Listen to the poems in Arabic - http://tinyurl.com/j4lrslt -  الاستماع إلى قصائد بالعربية

£10 Mint Café, North Lane
7.15pm   Book now - 0113 226 4843





Tuesday 8 March
Ian Clayton
A Song for my Father 
Partnership event with Leeds Libraries
Photo by Richard Kenworthy

What happens when you only know your dad when you're a young boy and then, one day, when you are middle-aged, he phones to say he'd like to see you again before he dies? In the space of one year, Ian Clayton makes a voyage around China, America and his father to ponder the familiar questions: Is blood thicker than water? Does it matter who teaches us so long as we learn? How do we let go of something that we never really had in the first place? With characteristic storytelling, wit and good humour, Ian Clayton reflects on a lifelong search for a father figure, skipping across the generations to weave a tale of how we relate, what we do with what we've got and what happens when some things just don't work out the way we want them to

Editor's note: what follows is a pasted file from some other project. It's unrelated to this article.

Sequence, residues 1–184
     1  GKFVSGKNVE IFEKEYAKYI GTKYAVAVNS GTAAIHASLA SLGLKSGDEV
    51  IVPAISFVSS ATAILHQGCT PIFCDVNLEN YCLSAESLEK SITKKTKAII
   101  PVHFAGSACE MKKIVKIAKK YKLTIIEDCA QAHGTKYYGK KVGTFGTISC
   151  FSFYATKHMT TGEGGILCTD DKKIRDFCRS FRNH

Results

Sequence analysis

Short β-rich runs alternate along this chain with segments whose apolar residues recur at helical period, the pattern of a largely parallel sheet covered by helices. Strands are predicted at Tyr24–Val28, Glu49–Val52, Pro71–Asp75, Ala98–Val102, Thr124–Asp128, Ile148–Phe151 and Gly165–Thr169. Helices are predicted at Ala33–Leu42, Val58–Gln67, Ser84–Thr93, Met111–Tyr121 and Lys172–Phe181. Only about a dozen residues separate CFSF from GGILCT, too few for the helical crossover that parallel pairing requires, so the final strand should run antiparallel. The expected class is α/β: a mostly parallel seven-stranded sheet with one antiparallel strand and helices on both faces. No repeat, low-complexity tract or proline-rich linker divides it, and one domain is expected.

Ian Clayton has written on subjects as varied as the environment, homelessness, jazz and rugby league. His stories are about making sense of where we come from. He is a keen advocate of local libraries and often writes and speaks in support of the important role they play in community life. In his spare time, Ian likes the odd pint or two in tap rooms. Join us to hear Ian talk about his book A Song for my Father.







6.30pm  Headingley Library
Free



Tuesday 8 March Partnership event with Films at Heart
Jauja


A father – Viggo Mortensen - and daughter journey from Denmark to an unknown desert that exists in a realm beyond the confines of civilization. “Captivating” and “unearthly” help to describe a film that takes you on an intriguing, quixotic and dreamlike journey through gorgeous landscapes that bring to mind 19th Century oil paintings. This is an art-house Western – a strange, slow-paced ride through the vast, open space of the Argentine Patagonia. Viggo Mortensen also wrote the musical score – now that is intriguing.